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Tuesday, 21 May 1985
Page: 2285


Senator CHANEY(10.32) —I do not want to prolong the debate. The Opposition supported negativing the amendment because the Bill has been before us on a number of occasions and I think that we should dispose of it. I respond very briefly to a comment by the Leader of the Government in the Senate (Senator Button). He has suggested that the attitude he has adopted is in the defence of some sort of economic rationality. I think that the form of the rebate with which the Government has lumbered people is something that could certainly not be described as rational. For a start, the rebate is less than the full rebate which one would expect if one was to exempt people from excise, and the degree of variation from the amount of the rebate will change every six months because the Government has indexed the two things, the excise itself and the rebate, from different bases. Therefore there will be a sort of perpetual change and an ever-widening gap between the amount of the excise and the amount of the rebate.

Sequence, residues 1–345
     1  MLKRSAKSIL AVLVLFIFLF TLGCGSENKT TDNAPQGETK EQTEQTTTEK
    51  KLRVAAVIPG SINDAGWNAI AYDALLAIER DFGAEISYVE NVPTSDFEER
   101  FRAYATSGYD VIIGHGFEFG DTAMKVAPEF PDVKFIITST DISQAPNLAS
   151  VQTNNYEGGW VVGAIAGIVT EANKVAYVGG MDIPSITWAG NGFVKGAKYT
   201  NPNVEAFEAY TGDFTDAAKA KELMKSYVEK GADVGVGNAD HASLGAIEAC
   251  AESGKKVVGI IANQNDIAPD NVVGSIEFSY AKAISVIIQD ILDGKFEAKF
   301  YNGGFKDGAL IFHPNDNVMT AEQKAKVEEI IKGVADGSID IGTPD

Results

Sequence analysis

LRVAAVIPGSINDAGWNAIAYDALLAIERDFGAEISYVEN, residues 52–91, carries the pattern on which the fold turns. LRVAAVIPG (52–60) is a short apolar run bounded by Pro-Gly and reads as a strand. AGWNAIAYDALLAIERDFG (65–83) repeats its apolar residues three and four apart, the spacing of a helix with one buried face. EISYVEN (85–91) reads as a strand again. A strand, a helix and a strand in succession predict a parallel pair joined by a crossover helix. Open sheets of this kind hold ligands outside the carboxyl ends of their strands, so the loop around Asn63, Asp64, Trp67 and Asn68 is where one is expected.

The Government might be able to say that it simply cannot afford the amendment, that it has to tax Australia's primary producers this extra 2c plus a litre on fuel because it needs the money to match its Budget. That is the only rational argument which is open to the Government. It cannot defend the excise rebate in its present form as being designed with anything in mind other than to maintain additional revenue from these hard-pressed areas. We believe that it is up to the Government to sort out its total revenue requirements and to extract those from the Australian taxpayers. There is no other source. But we think it is utterly irrational to have a fuel excise which is dealt with in the way in which this one is dealt with-with a rebate that is only partial and a gap between the amount of the rebate and the amount of the excise which is infinitely variable and which will change every time there is an indexation increase. We think that that is a most peculiar arrangement. It is irrational and it bears heavily on beleaguered industries. We do not believe that it is justified.